Learning from the past is not erasing history!

John E. Price
5 min readAug 31, 2017

Apparently this needs to be spelled out for people.

States and cities across the country are reevaluating their Confederate monuments and considering how to best contextualize them: with plaques, in museums, spray painting smiley faces on them, etc. While statues get the spotlight, “monuments” include more than bronzed idols, but also school names, street names, and any areas in which public celebrations of the Confederacy — a failed attempt to cement the chains of slavery for perpetuity — remain a part of everyday life.

Fun fact: all the dogs barked at the black passers-by. Total coincidence, I’m sure.

Let us be clear: we are in no danger of the history of the Civil War being erased. There are at least 70,000 Civil War books published (as of 2002!!). There seems to be at least one new biography on Lincoln every year. Let alone the countless biographies of Lee, Grant, Longstreet, McClellan. Glory and Gettysburg are two of the greatest war movies ever made. Their racist cousins Gone With the Wind and The Birth of a Nation are pretty well-known, too.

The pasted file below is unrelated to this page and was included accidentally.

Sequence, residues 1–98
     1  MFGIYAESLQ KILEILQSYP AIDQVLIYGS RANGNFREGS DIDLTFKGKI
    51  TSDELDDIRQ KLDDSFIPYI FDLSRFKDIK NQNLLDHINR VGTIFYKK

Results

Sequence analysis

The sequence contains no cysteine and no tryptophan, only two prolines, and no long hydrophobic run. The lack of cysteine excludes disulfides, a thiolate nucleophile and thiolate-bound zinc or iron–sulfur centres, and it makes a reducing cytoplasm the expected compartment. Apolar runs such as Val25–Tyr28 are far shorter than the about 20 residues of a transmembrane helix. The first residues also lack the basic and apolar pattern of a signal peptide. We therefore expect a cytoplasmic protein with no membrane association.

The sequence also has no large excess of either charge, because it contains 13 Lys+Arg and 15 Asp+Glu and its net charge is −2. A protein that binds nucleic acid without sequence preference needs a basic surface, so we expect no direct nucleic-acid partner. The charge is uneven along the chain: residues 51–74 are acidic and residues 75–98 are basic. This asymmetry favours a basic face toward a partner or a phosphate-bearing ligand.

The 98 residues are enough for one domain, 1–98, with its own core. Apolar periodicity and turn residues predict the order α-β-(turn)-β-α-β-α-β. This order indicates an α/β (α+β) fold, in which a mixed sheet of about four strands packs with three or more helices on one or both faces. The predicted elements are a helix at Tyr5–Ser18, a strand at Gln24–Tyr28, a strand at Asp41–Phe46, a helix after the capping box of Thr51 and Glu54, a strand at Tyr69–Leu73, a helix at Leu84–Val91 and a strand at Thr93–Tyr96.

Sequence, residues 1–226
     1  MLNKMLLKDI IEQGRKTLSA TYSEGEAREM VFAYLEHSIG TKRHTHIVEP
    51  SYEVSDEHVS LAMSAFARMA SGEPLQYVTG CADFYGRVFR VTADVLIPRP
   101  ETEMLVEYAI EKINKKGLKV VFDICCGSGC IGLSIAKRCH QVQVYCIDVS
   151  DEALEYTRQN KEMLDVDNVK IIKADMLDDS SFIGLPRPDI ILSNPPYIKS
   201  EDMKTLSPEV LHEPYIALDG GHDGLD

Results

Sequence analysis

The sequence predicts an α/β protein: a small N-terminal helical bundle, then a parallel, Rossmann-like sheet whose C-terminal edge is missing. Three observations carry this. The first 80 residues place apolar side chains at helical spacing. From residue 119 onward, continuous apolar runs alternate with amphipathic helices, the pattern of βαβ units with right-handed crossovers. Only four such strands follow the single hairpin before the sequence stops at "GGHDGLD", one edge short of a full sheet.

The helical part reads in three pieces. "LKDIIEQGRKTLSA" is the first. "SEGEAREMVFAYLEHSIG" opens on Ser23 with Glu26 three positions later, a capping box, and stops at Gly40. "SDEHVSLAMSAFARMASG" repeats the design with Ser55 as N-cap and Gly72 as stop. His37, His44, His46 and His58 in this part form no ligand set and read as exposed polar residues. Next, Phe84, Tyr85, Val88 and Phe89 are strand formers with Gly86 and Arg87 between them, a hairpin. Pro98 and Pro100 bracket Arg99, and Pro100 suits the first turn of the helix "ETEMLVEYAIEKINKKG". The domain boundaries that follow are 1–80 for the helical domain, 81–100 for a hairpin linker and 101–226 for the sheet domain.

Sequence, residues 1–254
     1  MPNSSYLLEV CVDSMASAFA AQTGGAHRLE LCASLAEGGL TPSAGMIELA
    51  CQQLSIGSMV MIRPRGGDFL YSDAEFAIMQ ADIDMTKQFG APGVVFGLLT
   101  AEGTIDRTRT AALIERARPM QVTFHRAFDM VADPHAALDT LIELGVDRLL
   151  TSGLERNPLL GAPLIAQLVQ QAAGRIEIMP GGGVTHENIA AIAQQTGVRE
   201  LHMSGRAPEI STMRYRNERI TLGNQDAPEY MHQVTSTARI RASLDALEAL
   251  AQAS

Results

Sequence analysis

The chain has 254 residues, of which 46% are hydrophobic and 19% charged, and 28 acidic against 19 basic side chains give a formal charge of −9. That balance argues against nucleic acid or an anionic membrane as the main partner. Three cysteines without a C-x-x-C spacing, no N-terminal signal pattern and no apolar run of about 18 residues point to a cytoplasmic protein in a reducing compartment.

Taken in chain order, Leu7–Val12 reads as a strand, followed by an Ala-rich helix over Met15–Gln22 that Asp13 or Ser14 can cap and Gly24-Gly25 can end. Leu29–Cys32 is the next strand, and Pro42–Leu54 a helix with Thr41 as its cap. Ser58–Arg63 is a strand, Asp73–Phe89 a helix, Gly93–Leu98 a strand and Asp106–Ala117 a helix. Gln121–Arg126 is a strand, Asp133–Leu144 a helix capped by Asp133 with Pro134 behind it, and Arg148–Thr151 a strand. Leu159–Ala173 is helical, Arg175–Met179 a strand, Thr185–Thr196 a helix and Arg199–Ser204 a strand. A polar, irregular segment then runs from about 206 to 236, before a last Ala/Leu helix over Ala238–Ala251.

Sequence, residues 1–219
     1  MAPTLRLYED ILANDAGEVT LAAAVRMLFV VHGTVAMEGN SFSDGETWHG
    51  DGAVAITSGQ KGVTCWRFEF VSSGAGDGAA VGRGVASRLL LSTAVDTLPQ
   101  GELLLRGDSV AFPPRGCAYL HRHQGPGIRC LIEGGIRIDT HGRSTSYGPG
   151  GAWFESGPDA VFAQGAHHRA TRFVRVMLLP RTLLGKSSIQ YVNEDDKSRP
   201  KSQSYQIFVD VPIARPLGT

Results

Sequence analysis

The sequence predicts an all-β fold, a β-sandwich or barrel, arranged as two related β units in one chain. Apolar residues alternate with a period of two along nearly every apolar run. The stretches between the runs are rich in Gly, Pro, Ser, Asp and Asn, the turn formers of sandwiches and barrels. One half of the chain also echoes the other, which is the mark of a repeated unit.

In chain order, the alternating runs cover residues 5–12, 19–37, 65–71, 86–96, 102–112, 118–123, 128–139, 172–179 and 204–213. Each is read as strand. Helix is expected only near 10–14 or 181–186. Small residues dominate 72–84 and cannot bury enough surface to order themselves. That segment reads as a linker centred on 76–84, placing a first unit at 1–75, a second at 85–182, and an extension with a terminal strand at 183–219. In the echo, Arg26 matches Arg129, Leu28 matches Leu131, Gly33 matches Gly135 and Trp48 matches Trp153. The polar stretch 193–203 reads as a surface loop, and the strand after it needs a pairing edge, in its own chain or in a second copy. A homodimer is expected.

Every town with a Civil War past celebrates it in some way — whether through street names or public parks or school mascots. And being that this was a “civil war,” that list of towns is quite extensive. In a hilarious “exception that proves the rule” situation, Donald Trump found the only place in Virginia that wasn’t a Civil War battlefield and pretends it was!

Unless the United States is hit by a massive Men in Black neuralyzer (or we start massive book-burning festivals), there is no chance of the history of the Civil War being erased by taking down statues or renaming elementary schools.

It wasn’t a Civil War, it was a weather balloon refracting off of Venus!

Let’s look at one small piece of a huge picture: Hampton Roads, Virginia.

What is the purpose of celebrating “Prince John” Magruder, whose claim to fame is stopping the army of the United States from asserting control over the Chesapeake? What is being celebrated on Lee-Jackson Day, held less than a week away from Martin Luther King, Jr. Day? Should children, raised in the shadow of Hampton University’s Emancipation Oak have to attend Jefferson Davis Middle School or Lee Elementary?

John E. Price

Academic and Trekkie. I talk about the politics of culture, review nerd stuff, and golf a lot. Co-host: @podmeandering, #TopFive, @folkwise13